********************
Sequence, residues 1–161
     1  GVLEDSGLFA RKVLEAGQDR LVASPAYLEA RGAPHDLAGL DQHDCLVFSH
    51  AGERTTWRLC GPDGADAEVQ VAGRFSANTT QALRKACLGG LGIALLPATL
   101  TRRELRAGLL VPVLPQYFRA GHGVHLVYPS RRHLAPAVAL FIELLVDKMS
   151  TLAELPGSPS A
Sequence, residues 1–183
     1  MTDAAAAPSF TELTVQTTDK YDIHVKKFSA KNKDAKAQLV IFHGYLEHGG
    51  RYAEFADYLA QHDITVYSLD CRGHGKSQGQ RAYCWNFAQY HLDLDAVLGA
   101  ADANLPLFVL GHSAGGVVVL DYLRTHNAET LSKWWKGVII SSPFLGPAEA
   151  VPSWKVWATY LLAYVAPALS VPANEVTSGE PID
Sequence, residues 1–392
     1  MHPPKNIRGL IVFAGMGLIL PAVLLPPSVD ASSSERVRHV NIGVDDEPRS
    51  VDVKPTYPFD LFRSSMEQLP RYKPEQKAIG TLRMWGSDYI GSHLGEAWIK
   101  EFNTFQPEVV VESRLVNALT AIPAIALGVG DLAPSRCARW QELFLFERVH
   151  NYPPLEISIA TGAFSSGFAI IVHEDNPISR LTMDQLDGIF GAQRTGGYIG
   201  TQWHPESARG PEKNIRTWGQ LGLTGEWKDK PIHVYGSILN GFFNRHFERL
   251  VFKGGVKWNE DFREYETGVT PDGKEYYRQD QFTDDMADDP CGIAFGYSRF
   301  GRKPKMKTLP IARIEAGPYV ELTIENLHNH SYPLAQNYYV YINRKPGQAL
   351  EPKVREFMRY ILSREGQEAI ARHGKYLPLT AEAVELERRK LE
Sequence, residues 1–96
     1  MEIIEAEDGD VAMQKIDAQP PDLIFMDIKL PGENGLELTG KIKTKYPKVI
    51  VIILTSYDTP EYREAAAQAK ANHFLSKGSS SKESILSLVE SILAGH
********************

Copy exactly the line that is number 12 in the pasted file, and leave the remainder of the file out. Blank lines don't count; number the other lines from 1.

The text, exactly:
     1  MHPPKNIRGL IVFAGMGLIL PAVLLPPSVD ASSSERVRHV NIGVDDEPRS